The original BSA/ AML reform bill that was considered in the markup did not include any provisions to address these thresholds, so Congressman Loudermilk worked with Members from both parties to find common ground on the issue. It became clear that the SAR threshold is much more of a sticking point than the CTR threshold, so he proposed an amendment that would have phased in an increase to the CTR threshold for depository institutions over time from $10,000 to $20,000 and then from $20,000 to $30,000. The amendment also proposed a Government Accountability Office (GAO) study to analyze the usefulness of CTRs and whether the threshold should be raised, and a similar study on SARs.
Most committee members from the majority have long maintained that they will not support any threshold increases, so Congressman Loudermilk negotiated a compromise and withdrew his amendment. The compromise would (1) index the CTR threshold to inflation for depository institutions starting at the current threshold of $10,000, (2) require the GAO to study how to improve the usefulness of CTRs which Congressman Loudermilk proposed in his original amendment, and (3) require FinCEN to conduct a study on reducing SAR reporting burden, including the possibility of a shorter form SAR for known or trusted customers. The BSA/ AML reform bill ultimately passed the committee with these provisions included by a unanimous vote of 55-0. This is significantly less than what Congressman Loudermilk would like to do on the thresholds, and he will continue to find ways to advance his bill, but he views this compromise as a small step in the right direction. You can listen to his statements at the markup here and here.
ICBA issued a comment letter in response to the Consumer Financial Protection Bureau’s advance notice of proposed rulemaking for Property Assessed Clean Energy financing. In its letter, ICBA stressed the need to ensure these loans are subject to the same standards as other forms of consumer mortgage credit, especially when a consumer’s home is used as the collateral. Individuals who arrange PACE financing should also be subject to the bureau’s Mortgage Loan Originator Compensation rules and the Nationwide Multistate Licensing System licensing requirements, ICBA wrote.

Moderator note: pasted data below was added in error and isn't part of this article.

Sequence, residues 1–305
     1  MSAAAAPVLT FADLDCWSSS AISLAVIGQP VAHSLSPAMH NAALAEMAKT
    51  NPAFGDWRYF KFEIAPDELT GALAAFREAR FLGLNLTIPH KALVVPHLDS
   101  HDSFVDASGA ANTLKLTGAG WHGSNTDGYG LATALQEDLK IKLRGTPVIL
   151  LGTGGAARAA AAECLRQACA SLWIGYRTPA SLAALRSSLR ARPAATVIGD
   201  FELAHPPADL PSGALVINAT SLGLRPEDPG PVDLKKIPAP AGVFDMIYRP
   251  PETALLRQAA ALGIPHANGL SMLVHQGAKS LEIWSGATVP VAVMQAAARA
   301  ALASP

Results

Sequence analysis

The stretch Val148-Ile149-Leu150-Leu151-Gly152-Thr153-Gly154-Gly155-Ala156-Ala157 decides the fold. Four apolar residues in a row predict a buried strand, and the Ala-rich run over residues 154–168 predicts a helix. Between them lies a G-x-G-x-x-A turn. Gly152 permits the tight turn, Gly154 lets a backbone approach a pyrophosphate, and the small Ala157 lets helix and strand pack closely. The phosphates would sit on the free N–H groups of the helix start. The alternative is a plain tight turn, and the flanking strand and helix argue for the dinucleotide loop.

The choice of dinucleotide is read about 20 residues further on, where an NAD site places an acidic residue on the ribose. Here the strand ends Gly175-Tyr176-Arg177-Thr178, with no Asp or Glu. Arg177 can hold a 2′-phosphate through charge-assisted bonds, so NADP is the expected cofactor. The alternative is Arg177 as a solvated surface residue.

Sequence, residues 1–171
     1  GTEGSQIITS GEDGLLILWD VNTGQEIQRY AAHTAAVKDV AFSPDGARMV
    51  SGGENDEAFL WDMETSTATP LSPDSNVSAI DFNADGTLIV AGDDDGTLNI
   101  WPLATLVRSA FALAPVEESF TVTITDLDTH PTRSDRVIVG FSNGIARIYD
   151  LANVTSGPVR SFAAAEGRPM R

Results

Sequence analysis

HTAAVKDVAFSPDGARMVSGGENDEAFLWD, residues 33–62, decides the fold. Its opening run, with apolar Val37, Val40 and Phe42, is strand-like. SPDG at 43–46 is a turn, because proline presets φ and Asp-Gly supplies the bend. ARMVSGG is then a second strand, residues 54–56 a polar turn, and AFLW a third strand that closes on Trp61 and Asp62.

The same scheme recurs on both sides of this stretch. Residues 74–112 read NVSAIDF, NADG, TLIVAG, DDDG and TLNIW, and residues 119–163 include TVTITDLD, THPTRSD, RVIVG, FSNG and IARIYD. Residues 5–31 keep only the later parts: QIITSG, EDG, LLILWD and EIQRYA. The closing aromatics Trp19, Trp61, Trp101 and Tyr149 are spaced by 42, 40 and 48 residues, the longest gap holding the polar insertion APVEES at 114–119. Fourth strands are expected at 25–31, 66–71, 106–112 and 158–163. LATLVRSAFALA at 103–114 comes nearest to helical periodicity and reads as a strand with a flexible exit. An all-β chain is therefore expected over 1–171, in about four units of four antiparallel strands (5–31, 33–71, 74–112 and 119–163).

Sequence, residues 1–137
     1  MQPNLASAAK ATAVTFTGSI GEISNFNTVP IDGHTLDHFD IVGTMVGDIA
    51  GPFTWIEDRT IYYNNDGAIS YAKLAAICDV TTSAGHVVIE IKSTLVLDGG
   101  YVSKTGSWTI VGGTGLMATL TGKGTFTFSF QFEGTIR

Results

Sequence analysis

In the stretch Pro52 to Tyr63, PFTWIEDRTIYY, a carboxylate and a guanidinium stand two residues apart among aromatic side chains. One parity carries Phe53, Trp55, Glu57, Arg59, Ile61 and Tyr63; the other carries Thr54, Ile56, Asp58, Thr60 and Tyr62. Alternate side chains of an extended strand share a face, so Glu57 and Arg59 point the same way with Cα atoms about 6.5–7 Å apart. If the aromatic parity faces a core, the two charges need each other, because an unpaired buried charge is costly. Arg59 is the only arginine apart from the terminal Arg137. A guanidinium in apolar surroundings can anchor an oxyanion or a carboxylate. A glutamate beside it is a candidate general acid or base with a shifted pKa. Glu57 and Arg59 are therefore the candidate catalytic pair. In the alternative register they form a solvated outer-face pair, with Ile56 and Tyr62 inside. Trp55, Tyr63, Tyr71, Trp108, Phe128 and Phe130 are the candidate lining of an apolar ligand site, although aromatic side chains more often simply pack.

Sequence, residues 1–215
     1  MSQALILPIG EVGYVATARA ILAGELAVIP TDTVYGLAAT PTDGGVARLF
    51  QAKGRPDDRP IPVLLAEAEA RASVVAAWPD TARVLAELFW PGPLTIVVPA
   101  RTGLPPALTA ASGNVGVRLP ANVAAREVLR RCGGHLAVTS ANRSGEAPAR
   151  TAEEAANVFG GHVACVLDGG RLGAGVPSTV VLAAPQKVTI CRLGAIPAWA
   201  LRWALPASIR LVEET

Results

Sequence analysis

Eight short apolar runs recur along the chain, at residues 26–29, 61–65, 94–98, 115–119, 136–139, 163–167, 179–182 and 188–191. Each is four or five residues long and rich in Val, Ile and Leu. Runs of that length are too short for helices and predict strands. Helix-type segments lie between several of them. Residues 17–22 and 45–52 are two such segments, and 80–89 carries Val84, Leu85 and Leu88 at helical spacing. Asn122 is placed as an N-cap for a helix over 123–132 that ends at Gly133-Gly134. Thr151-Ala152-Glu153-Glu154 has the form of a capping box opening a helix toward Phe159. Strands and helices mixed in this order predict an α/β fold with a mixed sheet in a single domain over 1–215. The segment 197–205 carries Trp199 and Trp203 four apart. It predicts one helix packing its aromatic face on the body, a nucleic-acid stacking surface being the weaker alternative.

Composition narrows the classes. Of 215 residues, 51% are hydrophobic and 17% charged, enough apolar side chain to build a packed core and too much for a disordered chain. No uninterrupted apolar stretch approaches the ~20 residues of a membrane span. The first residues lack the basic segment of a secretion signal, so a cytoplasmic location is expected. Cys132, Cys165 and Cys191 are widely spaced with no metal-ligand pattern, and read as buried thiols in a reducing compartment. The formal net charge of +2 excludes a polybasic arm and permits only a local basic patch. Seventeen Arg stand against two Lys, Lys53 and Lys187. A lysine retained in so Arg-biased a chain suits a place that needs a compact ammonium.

PACE loans allow homeowners to fund energy-efficiency upgrades through an assessment on their property tax bill, which by law gives them the same priority over a first-lien mortgage as tax payments.
Read ICBA Letter
ICBA called on the FDIC to revise how it treats brokered deposits and related interest rate restrictions. In a comment letter on the agency’s comprehensive review of this area, ICBA said brokered deposits can be a stable source of funding and a cost-effective way for community banks to meet their funding needs. However, there is an undeserved stigma surrounding brokered deposits that needs to be dispelled, it said.
ICBA said the FDIC has too expansively interpreted the definition of “deposit broker” and too narrowly implemented statutory exceptions. This hinders community banks as they partner with third parties, such as federal or state agencies that use debit or prepaid cards to deliver funds to government program beneficiaries.
Further, the FDIC’s national rate restrictions on less-than-well-capitalized banks are out of step with the market, ICBA said. It called on the FDIC to raise and reform rate restrictions to ensure the current, faulty methodology doesn’t lead to a liquidity crisis of its own making or unnecessarily loop in well-capitalized institutions.
Read ICBA Comment Letter
Read FDIC Request for Feedback
Read More in Recent ICBA Op-Ed